I recently attended the Paris International Air Show held at Le Bourget. This is a highly regarded international industry event featuring the latest technology in civil and military aviation. The event is attended by most of the major companies in the industry, governments from around the world, and lots of folks who just like to watch airplanes fly. The technology on display was awesome – you have not lived until you've seen the new Airbus A-380 fly by at 50 feet off the runway! The new composite-skin Boeing 787 Dreamliner was also there, as well as many other impressive displays of advanced technology.
The show hosted a sizable U.S. congressional delegation and I was able to attend a few events where I exchanged views with several U.S. senators and congressmen, not to mention senior military folks and other government leaders from around the world. I always tried to steer the conversation to Vermont and the potential basing of the F-35 Joint Strike Fighter here. To my surprise, people were generally well aware of this. There were a couple of interesting things that turned up in my conversations.
First, there was always a high level of respect for the "Green Mountain Boys," in spite of the occasional reference to "Burrrrrrrr ... lington" (many seemed impressed how cold our winters can get). I was struck by how well known and how highly regarded our 158th Fighter Wing is within the U.S. military and, in fact, internationally. From our local perspective, we don't always notice this fact. I think it is important to recognize that this unit brings a lot of prestige to Vermont.
Second, there was a general view that basing one of the first squadrons of this aircraft in our state was an honor. The U.S. military is more often today in the business of decommissioning units and closing bases. The fact that they are looking to base this leading edge squadron in Vermont, making a significant ongoing commitment to the state, reflects really well on Vermont and on the unit.
Third, there was a general recognition that having the F-35 can be transformational if leveraged appropriately. The potential economic boost is significant and the fighter brings leading edge technological capabilities to the state that will foster new skills, providing the potential to kick start new business opportunities. It is not all hardware, either. I had a long briefing by several enthusiastic young engineers about the Autonomic Logistics Information System (ALIS) that is incorporated into this airplane. To my non-technical ears, this sounded like a highly sophisticated information system that collects terabytes of data about every aspect of aircraft performance on every flight. The information can be used for predictive maintenance and to analyze improvement opportunities. People tell me “big data” is the next big thing in information technology (recent NSA developments not withstanding) and wouldn’t it be great to see Vermont at the forefront of this area of leading information technology innovation?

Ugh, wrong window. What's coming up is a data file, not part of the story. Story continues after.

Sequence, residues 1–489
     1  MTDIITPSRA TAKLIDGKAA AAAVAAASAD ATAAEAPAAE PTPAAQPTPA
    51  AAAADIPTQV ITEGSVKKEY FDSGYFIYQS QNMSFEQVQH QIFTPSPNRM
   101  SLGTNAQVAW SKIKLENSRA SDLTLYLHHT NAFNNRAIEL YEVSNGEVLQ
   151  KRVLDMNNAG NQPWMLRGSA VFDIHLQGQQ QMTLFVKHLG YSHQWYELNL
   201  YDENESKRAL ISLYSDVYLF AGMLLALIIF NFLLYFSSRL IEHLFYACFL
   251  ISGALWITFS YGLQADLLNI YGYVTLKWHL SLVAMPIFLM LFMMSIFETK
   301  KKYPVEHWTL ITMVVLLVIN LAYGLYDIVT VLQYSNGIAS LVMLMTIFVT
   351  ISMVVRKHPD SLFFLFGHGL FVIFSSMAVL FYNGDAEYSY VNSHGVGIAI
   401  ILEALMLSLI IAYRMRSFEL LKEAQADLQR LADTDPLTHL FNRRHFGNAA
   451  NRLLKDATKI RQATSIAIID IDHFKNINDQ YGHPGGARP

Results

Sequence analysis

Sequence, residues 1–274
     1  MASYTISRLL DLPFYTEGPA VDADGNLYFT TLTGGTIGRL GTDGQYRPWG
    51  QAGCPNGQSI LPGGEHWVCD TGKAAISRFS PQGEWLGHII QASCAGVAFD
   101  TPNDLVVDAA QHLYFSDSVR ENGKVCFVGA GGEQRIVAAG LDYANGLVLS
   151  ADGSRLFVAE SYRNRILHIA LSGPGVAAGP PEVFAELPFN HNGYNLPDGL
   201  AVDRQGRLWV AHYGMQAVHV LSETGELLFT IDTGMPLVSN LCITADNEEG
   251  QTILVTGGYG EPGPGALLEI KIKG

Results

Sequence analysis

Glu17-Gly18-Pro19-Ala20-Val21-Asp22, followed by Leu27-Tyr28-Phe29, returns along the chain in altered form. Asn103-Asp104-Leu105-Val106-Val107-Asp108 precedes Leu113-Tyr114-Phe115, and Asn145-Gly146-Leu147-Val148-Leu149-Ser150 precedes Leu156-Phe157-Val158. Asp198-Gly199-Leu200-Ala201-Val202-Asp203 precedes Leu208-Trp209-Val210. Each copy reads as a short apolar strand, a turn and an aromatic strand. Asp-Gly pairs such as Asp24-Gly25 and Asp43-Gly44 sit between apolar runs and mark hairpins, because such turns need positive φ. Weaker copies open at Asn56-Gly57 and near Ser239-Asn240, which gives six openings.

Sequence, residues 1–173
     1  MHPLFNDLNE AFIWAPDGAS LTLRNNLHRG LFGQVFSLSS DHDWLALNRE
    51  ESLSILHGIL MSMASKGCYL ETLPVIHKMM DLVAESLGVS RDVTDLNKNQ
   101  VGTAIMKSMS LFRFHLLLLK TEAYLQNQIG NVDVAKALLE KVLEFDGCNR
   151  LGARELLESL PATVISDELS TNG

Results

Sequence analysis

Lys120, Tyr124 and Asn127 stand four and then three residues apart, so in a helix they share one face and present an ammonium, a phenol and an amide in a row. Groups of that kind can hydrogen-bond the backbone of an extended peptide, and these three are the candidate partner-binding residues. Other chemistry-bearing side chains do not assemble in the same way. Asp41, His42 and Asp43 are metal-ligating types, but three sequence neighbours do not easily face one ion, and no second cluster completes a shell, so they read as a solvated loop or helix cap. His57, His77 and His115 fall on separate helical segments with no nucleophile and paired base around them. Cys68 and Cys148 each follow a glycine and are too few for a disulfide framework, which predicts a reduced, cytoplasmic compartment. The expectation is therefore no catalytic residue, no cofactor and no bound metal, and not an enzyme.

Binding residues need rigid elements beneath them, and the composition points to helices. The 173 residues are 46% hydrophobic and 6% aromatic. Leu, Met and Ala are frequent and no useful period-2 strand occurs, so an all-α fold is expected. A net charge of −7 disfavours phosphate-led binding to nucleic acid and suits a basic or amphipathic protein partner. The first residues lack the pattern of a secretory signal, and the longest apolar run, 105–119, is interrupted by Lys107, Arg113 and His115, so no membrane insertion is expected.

I would characterize the senators and congressmen from other states I spoke with as being, to a person, envious. As one senator said, "We'd have done just about anything to get that squadron based in my state." They all saw this as bringing a level of prestige to Vermont and providing a big economic boost. I think kudos are due to our congressional delegation for their ability to make this happen for us. Most of the folks I spoke with were actually confused that there would be a local controversy. Their anecdotal view on the noise issue was that, in fact, with the new Pratt Whitney engine and sophisticated engine management systems the plane may actually be quieter than the current F-16s.
In case any of you were wondering, I am not in the aviation business, the defense industry, or related to the military. I was at the air show for some tangential business reasons. I am, however, a Vermont resident concerned with job growth, economic development and the development of an advanced technology base in our state. I often think our internal debate on topics like the F-35 issue get a bit insular and I was struck by the external reaction to it at this venue, not least that it is so internationally recognized thought it was worth interjecting these observations into the discussion.
Reynold W. Mooney lives in Waitsfield.